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Chinese fight for front row seat in urbanization drive

Xinhua, March 5, 2014 Adjust font size:

BEIJING, March 5 (Xinhua) - For Liu Renxian and his wife, "farmer" is not the word to describe who they are, but what they do.

The couple lives in an apartment in a small town called Yangshan in east China's Jiangsu Province. They work at a 3,300-square-meter peach orchard that used to be their own.

Until recently, they had to worry about pests and weather, which could take a toll on the orchard's harvest. But not for now and the years ahead, as they have transferred the orchard to others and their old home in the countryside to the government. What Liu and his family get in return is a life in town.

Liu is among the dozens of families who have kissed their rural lives goodbye after the township government launched a program to encourage them to live in the urban area. Unlike migrants elsewhere in China who work in cities but don't enjoy the welfare urban dwellers do, those who give up their rural land are compensated with new homes in town and social benefits.

Wu Ligang, the communist party secretary of Yangshan township, said giving farmers full urban status is the guiding principle of the program. He added that participation is completely voluntary. The plots of land farmers exchange with local authorities for homes and urban social security coverage are then revamped for large-scale farming, sightseeing and other purposes.

Wu said yields at the orchard improved significantly after land plots were consolidated and farmed more efficiently. Some of the plots were reinvented into a sightseeing villa, becoming a steady source of tourism revenue for Yangshan.

The party secretary touted his program as having gotten "the best of both worlds" by retaining rural land while helping farmers transition smoothly into urban life.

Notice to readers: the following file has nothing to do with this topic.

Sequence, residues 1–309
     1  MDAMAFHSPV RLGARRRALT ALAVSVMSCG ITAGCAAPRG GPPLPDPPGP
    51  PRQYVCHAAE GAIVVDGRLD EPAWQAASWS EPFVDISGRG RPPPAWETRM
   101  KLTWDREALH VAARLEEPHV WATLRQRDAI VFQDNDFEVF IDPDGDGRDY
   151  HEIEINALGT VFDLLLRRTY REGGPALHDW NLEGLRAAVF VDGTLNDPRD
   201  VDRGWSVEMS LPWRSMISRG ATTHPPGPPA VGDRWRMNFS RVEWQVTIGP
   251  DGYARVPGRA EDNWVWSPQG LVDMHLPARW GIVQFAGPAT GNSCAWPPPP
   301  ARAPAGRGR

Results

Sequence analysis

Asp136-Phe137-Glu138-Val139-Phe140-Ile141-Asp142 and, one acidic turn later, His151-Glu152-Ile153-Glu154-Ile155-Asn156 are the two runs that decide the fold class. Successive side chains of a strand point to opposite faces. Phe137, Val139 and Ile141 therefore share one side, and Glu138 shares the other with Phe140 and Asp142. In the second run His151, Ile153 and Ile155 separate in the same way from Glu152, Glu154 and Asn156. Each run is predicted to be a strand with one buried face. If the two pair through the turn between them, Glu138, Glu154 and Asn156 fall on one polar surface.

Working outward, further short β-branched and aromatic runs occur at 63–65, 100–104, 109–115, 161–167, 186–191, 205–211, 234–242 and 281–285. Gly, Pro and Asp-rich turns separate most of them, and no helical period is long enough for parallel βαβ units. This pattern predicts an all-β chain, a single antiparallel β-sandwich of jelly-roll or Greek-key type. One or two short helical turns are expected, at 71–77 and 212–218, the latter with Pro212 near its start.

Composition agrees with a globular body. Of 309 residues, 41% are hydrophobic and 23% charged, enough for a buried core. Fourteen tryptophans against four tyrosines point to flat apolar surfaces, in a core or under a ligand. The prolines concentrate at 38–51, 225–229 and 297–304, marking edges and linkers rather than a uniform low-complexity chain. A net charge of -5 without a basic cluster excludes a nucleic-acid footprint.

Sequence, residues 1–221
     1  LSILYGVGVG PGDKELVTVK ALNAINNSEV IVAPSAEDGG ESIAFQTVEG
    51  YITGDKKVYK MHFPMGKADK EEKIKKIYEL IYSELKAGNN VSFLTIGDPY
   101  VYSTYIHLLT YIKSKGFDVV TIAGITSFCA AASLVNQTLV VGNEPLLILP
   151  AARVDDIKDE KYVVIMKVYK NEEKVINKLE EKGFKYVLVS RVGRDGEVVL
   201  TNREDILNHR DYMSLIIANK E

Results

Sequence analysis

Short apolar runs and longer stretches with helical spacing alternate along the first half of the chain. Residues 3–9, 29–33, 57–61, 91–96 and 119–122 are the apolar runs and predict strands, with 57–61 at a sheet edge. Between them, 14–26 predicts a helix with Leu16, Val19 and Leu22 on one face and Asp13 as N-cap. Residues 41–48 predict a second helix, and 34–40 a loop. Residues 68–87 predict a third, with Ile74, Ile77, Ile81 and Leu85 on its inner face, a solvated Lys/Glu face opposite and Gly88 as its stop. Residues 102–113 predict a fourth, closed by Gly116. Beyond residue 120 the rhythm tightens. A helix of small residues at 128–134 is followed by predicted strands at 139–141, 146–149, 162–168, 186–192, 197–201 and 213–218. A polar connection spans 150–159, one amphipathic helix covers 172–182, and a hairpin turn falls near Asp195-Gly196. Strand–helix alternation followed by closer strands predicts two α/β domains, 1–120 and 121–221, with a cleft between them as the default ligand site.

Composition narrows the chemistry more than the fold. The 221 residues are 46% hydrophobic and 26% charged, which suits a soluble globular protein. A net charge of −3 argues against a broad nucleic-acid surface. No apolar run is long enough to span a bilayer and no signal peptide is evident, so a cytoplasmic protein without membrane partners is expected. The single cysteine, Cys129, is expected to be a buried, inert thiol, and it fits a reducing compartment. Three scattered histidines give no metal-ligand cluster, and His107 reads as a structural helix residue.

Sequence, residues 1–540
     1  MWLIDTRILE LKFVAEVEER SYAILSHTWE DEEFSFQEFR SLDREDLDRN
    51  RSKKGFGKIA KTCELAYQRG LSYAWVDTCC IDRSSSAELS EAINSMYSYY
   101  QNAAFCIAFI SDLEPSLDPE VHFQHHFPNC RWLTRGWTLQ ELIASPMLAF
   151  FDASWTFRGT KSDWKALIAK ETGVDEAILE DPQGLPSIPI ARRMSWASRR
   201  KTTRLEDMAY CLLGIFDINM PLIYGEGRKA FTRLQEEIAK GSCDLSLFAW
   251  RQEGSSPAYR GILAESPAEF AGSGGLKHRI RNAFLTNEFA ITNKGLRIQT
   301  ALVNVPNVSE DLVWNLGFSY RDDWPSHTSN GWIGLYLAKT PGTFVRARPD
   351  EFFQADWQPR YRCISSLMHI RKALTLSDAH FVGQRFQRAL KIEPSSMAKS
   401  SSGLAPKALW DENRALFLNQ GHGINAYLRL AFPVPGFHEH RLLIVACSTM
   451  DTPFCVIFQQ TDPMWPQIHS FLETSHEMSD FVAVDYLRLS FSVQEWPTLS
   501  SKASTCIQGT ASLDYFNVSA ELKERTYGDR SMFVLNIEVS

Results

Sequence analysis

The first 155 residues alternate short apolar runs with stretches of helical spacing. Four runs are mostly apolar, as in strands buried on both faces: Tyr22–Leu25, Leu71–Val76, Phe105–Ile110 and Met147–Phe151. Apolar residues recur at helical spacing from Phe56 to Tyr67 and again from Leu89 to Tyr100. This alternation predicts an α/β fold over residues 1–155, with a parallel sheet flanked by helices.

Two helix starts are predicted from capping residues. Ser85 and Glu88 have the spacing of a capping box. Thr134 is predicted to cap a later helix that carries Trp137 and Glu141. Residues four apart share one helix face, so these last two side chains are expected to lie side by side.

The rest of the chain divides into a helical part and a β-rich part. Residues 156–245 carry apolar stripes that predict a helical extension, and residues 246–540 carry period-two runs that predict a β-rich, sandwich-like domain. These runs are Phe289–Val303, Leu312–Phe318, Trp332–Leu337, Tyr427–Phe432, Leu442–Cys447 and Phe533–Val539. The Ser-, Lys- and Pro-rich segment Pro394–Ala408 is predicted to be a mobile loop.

Yangshan's approach is a good example of China's urbanization drive. However, people in some areas of China often find themselves in confrontation with local authorities when the two sides fail to agree on a compensation package for uprooting farmers from their land.

This confrontation sometimes turns into violent clashes. The stakes are high for the central government in Beijing. Authorities want to turn farmers into urban consumers to help steer economic growth away from reliance on investment to mass consumption-driven growth.

But the journey to cities is full of hurdles for average Chinese farmers. China's household registration system, known in the country as "hukou," blocks farmers' access to urban social benefits. This means China's massive population of migrant workers who work in the city will eventually have to return to the countryside if they cannot change their rural hukou to an urban one.

China had more people living in the cities than in the countryside for the first time at the end of 2011. Yet urban-registered Chinese account only for roughly 35 percent of the population, as many who live in the city don't have an "urban hukou."

This has prompted authorities to recalibrate their urbanization strategy by putting people at the center of the country's renewed urbanization drive.

In a high-level conference on the topic of urbanization, leaders stressed that they will put strict caps on population growth in major population centers such as Beijing, Shanghai and Guangdong and instead focus on creating small-sized cities and towns for farmers to settle.

Work is already under way. The state council, China's cabinet, has announced goals to unify rural and urban pension systems by 2020. The ruling Communist Party of China also set a target of granting urban resident status to 100 million migrant workers by the end of 2020.

Experts believe successful implementation of these reforms will earn rural Chinese a front row seat at the renewed urbanization drive.

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